Written by attorney Kevin Brian Faga

Case of Interest in New York's Election Law

On August 18, 2010, an Appellate Court handed down a landmark 5-0 decision, redefining the Election Law in New York State [1]. The decision allows voters to register and enroll with a new party upon moving to a new county. The case involved Debra Ortutay, a candidate for the New York Independence Party State Committee, and whether she was required to wait until after the November election, to register to vote and enroll in a new party.

The Supreme Court, relying on precedent, held when a voter relocates from one county to another, a change in party enrollment will not take effect until after the next general election. Faga Savino, LLP, on behalf of Ms. Ortutay appealed the decision to the Appellate Division, setting the grounds for a judgment that would drastically change party enrollment procedures.

To avoid “party raiding", the New York State Legislature enacted delay provisions for those enrolling in a new party. These sections provide that upon moving within the same county, the voter must wait until after the general election for a change of enrollment to take effect. Another provision requires that a voter be a resident of a county for at least 30 days before being able to register to vote.

Prior to 1992, voters had the right to transfer registration from one county to another. The law defined the term “move" as a relocation of the voter’s residence, regardless of whether the relocation was done inter- or intra-county. In the often cited case of Leemhuis v. Scranton [2], the petitioner moved from Schenectady County to Saratoga County, and immediately applied to change his voter registration. The Board of Elections approved the change of enrollment, but required that the delay provision apply, making the change effective only after the November 1988 election. The Supreme Court agreed with the Board of Elections.

In 1996, as a response to the implementation of the National Voter Registration Act (NVRA), New York made sweeping reforms to its Election Law. The NVRA contemplated the treatment of counties within a state as separate units of registrar jurisdiction. When New York incorporated the NVRA in the Election Law, one of the keystone changes was the elimination of transfer of registration between counties. As such, the election law now defines transfer of enrollment and registration as only occurring “in the city or county" of the registered voter. The law was further amended to mandate that a voter’s registration is cancelled if he “moved his residence outside the county in which he is registered."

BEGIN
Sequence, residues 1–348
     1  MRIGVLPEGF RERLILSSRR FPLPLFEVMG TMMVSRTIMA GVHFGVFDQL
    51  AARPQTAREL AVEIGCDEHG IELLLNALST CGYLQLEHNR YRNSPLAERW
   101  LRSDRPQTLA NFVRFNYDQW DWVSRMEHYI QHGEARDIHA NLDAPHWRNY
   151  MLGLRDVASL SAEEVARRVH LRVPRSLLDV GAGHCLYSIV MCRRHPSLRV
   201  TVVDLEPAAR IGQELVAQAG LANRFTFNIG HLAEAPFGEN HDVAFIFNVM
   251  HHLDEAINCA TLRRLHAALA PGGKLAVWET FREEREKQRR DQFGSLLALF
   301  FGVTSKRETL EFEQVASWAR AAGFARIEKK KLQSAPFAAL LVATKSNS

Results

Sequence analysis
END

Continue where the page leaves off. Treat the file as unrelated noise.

Under the Election Law, a registered voter is able to “change his enrollment" from one party to a different party or from a “blank" to a party. However, the change will be effective only after the next general election.

In 1993, Debra Ortutay, then umarried, registered to vote in Kings County as a “blank." She voted in several elections, the latest being the November 2009 election. In February 2010, Ortutay and her husband moved to Rockland County, and in June 2010, Ortutay registered to vote with the Rockland County Board of Elections. When she filled out the New York State Voter Registration Card, she used her legal name, Debra Ortutay, her new Rockland County address, and included her date of birth and the last four digits of her Social Security Number. She did not include the last year she voted, her previous address, county, and that she was previously registered under her maiden name. Because of this omission, the New York City Board of Elections was not notified of Ortutay’s change in voter registration and, therefore, her Kings County registration remained active.

Ortutay proceeded to enroll with the Independence Party, and, along with her husband, circulated designating petitions to be the Male and Female member of the Independence Party State Committee from the 94th AD. She also witnessed the petitions for her husband, a job that can only be done by an enrolled member of the Independence Party.

Coopersmith sued in New York State Supreme Court, under the Election Law, seeking to invalidate the Ortutays’ designating petitions. Coopersmith contended that, pursuant to the Election Law, Ortutay’s registration as a member of the Independence Party constituted a change of party enrollment and therefore was not in effect until after the next General Election.